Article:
Next Article in Journal / Special Issue
Greenhouse Gas Emissions from Three Cage Layer Housing Systems
Previous Article in Journal
Bridging the Gap Between Validation and Implementation of Non-Animal Veterinary Vaccine Potency Testing Methods
Previous Article in Special Issue
Managing Livestock Species under Climate Change in Australia
Article Menu

Export Article

Open AccessArticle
Animals 2011, 1(4), 433-446; doi:10.3390/ani1040433

Construction and Operation of a Ventilated Hood System for Measuring Greenhouse Gas and Volatile Organic Compound Emissions from Cattle

Department of Animal Science, University of California, Davis, One Shields Ave., Davis, CA 95616, USA
*
Author to whom correspondence should be addressed.
Received: 28 October 2011 / Revised: 1 December 2011 / Accepted: 1 December 2011 / Published: 8 December 2011
(This article belongs to the Special Issue Climate Change and Livestock Management)
View Full-Text   |   Download PDF [2482 KB, uploaded 8 December 2011]   |  

Simple Summary

We describe the construction and operation of a unique system for measuring gaseous emissions that arise from the rumen and metabolism of cattle. This system allows for the collection of high quality data that can be used to improve emission inventories at the regional and national level. Additionally, the system can be used to test various emission mitigation techniques.

Abstract

Recent interest in greenhouse gas emissions from ruminants, such as cattle, has spawned a need for affordable, precise, and accurate methods for the measurement of gaseous emissions arising from enteric fermentation. A new head hood system for cattle designed to capture and quantify emissions was recently developed at the University of California, Davis. The system consists of two head hoods, two vacuum pumps, and an instrumentation cabinet housing the required data collection equipment. This system has the capability of measuring carbon dioxide, methane, ethanol, methanol, water vapor, nitrous oxide, acetic acid emissions and oxygen consumption in real-time. A unique aspect of the hoods is the front, back, and sides are made of clear polycarbonate sheeting allowing the cattle a full range of vision during gas sampling. Recovery rates for these slightly negative pressure chambers were measured ranging from 97.6 to 99.3 percent. This system can capture high quality data for use in improving emission inventories and evaluating gaseous emission mitigation strategies. View Full-Text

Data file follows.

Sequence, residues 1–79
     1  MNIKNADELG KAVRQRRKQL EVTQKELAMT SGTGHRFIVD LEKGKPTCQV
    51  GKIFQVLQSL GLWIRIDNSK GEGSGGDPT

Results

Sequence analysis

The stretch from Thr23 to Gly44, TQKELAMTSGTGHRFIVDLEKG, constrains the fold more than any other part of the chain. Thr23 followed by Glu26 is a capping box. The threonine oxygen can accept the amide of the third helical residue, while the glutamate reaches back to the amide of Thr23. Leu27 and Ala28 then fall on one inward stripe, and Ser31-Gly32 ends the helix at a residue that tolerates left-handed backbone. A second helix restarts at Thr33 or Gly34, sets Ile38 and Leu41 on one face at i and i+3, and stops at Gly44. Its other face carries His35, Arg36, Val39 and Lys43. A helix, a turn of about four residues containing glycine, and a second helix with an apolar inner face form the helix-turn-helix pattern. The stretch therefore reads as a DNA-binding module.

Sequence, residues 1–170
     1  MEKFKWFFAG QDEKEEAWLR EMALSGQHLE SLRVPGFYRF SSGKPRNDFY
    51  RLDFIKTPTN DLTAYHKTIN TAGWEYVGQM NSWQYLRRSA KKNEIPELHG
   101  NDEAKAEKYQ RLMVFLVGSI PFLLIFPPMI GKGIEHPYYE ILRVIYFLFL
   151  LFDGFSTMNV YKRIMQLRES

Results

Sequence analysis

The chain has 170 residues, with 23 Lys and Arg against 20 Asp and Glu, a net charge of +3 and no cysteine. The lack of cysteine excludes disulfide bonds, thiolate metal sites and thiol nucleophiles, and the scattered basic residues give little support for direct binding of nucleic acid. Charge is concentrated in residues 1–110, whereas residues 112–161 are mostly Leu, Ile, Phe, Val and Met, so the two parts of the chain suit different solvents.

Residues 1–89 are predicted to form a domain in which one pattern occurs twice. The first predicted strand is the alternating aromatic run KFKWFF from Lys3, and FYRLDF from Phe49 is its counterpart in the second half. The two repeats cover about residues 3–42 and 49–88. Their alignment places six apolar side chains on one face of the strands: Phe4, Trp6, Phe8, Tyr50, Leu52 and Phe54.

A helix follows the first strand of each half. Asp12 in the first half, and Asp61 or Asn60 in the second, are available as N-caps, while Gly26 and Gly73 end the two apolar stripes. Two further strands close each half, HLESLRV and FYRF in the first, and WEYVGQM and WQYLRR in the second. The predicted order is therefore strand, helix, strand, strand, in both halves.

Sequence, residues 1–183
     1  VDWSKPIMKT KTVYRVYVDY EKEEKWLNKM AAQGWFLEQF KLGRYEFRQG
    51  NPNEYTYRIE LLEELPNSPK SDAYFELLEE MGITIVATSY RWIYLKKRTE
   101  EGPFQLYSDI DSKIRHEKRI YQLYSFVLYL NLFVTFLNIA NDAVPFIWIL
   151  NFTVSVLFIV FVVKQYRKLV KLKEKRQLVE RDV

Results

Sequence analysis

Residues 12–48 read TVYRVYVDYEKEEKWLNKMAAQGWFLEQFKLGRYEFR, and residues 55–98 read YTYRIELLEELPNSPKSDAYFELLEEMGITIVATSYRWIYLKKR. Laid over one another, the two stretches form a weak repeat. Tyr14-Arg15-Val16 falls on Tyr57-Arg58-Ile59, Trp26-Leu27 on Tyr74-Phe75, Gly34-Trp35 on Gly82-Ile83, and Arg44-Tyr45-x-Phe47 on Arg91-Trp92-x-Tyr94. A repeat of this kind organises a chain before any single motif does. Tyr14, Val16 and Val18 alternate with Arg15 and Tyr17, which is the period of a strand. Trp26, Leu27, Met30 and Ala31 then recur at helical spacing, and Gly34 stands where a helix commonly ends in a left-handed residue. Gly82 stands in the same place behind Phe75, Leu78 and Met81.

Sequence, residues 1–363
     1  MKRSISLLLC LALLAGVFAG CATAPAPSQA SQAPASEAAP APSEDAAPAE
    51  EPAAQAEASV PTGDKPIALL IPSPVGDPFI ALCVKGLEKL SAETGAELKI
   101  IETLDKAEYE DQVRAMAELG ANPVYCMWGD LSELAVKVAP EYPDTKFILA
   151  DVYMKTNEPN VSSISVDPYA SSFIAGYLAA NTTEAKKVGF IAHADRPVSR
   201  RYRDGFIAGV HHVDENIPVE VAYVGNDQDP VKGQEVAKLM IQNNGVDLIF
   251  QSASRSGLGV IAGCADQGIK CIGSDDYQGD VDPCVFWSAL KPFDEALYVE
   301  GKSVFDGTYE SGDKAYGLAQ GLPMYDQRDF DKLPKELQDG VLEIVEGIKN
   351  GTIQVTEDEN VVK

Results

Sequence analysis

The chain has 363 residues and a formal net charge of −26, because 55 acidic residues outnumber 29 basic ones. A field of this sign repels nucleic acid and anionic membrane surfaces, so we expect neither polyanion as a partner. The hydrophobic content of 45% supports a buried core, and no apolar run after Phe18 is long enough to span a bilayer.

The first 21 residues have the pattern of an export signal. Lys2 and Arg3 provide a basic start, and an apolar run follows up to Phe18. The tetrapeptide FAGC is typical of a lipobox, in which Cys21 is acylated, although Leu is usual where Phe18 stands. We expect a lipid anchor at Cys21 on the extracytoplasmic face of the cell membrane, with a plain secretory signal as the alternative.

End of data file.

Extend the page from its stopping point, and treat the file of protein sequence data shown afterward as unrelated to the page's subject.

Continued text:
Keywords: eructation; cattle; emissions; greenhouse gas; measurement eructation; cattle; emissions; greenhouse gas; measurement
This is an open access article distributed under the Creative Commons Attribution License (CC BY 3.0).

Scifeed alert for new publications

Never miss any articles matching your research from any publisher
  • Get alerts for new papers matching your research
  • Find out the new papers from selected authors
  • Updated daily for 49'000+ journals and 6000+ publishers
  • Define your Scifeed now

SciFeed Share & Cite This Article

MDPI and ACS Style

Place, S.E.; Pan, Y.; Zhao, Y.; Mitloehner, F.M. Construction and Operation of a Ventilated Hood System for Measuring Greenhouse Gas and Volatile Organic Compound Emissions from Cattle. Animals 2011, 1, 433-446.

Show more citation formats Show less citations formats

Related Articles

Article Metrics

Article Access Statistics

1

Comments

[Return to top]
Animals EISSN 2076-2615 Published by MDPI AG, Basel, Switzerland RSS E-Mail Table of Contents Alert
Back to Top